And if a minor complaint had to be made concerning this approach, it would be about the one sided nature of politics shown in Colombia. Where one political side in Colombia is presented significantly in a positive light as being anti-Narco and pro-American. Which then makes us immediately presume that the other side of the political arena is either crazy or evil. In this statement I am exaggerating slightly, but this doesn't excuse the show from not presenting a little bit more about its locale in certain places. While also neglecting to give us more detail about the build up of drugs in Colombia. Some of which could have been circumvented by a mere two minute exposition scene through their own main character. Which wouldn't have cost them a significant price, as it could have been easily done through stock footage film.

In regards to the actors chosen for the show, it has to be said that a perfect mix of local actors and foreign were chosen. Additionally, I need to clarify that I am not of the school of thought, that hiring only the best or only locals in order to fit the bill should be the plan of course. For example Escobar is played by Brazilian actor Wagner Moura who not for a second will leave you dissatisfied with his intense and convincing performance. Same can also be said for secondary characters of the series such as Luis Guzman and Pedro Pascal. As this show's production went for talent first in many cases and it was the right call to make. Furthermore maybe 80% of the rest of the cast is played by local Colombian actors such as Escobar's family and the political establishment of Colombia. Lastly there is Boyd Holbrook who I didn't know before the show and honestly didn't look like much. Nor will his sudden narration impress in the beginning. However, give the man time and you will see for yourselves he deserves his place amongst the rest and really is one of the focal points of the show. Portraying the patriotic American that does cross the line along with everyone else involved in the narco war.

Concerning the progression of the shows story. It could be called tricky at times , especially once you've seen the shows cliffhanger. Reason being some of the events seem to go by very fast such as Escobar early moments of being a drug kingpin, to his political ambitions and then to the long time we spend with him in the prison during the finale. For that alone it makes me wonder how long have they envisioned this show to go on for. Because I cant see it go past its second season. As the way the first season was handled with immaculate detail, convincing visuals and great realism. It doesn't seem just for it to go even for a third run. By then it will have felt as if Escobar escaped death and capture too long.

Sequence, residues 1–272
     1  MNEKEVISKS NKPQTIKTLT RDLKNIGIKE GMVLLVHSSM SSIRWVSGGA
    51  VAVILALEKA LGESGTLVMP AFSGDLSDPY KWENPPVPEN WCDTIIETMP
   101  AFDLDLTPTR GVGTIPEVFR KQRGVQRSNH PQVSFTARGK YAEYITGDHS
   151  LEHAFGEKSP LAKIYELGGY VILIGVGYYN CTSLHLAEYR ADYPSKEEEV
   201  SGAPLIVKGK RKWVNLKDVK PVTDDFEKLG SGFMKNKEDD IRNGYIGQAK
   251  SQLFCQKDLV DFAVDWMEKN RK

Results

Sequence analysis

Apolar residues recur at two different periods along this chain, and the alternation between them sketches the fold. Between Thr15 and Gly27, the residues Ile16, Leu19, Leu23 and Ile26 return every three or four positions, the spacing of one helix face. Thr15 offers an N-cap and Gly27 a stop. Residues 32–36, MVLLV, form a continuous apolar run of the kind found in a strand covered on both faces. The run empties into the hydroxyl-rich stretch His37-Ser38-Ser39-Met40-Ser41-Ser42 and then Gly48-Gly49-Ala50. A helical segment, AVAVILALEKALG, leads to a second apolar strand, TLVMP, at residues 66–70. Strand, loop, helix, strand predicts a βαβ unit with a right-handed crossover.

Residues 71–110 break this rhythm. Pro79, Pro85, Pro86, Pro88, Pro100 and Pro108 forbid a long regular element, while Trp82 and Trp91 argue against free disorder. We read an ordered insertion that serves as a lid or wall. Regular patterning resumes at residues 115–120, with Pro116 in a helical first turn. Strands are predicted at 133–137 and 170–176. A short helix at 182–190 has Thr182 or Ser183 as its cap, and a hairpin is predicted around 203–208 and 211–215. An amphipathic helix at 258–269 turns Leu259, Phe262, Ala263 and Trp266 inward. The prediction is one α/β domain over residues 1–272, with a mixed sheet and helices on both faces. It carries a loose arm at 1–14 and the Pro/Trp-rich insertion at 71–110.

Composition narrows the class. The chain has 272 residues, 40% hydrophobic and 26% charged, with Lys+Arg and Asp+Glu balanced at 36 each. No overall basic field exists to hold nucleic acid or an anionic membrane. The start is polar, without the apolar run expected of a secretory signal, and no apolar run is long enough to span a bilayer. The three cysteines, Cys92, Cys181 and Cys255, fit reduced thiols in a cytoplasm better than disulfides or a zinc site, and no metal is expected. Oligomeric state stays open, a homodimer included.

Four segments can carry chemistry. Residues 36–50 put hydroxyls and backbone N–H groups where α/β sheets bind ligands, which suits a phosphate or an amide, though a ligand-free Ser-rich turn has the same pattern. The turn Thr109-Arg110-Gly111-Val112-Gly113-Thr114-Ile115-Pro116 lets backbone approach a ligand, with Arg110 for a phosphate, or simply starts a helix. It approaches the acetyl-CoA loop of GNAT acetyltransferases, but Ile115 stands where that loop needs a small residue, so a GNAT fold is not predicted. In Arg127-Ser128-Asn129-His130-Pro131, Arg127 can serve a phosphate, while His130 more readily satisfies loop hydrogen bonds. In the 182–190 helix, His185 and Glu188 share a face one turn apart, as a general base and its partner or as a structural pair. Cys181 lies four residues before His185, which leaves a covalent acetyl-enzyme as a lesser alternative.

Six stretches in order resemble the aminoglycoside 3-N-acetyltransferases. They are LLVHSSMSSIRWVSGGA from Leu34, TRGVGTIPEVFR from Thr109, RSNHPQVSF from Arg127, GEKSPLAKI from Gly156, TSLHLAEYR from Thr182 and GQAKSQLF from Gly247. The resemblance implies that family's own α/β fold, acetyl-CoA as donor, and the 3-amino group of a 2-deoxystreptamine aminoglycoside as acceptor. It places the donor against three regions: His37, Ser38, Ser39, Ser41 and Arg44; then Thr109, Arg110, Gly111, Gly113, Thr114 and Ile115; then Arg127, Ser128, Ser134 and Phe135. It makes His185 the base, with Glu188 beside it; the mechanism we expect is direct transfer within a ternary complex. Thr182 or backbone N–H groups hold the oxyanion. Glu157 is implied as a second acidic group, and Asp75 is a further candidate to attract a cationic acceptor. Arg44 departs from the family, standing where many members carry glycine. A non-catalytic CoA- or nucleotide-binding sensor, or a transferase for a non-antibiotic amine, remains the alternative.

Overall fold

Because of this and also the shows format of having a great serialized story with informative narration. Makes it feel as if the show was meant to be on the History Channel and not Netflix. This is why it would be wise to just pick other Narco hoodlums and gangster types of history and make every season or two about one of them. This would make it a great endeavor that wouldn't tire audiences and actually be very informative in so many ways. Moreover, the fact that Escobar and his associates speak Spanish in the show and we see how much of their daily life really is. Speaks miles of how far American show-runners have come, in not attempting to Americanize everything for the sake of ratings. Many will understand what I exactly mean by this.


There is more to come of this show, but it can only remain as intense and interesting for its core audience for no more than one season more. As Escobar's demise should not be delayed too long and the show should deal with other famous drug lords of history and take a page out of "True Detective" and "AHS" playbook. Then and only then will show have a great future ahead of it, otherwise we should say prematurely goodbye while it's still good.

Personal Rating:

review by P K

have an opinion, beg to differ, leave a comment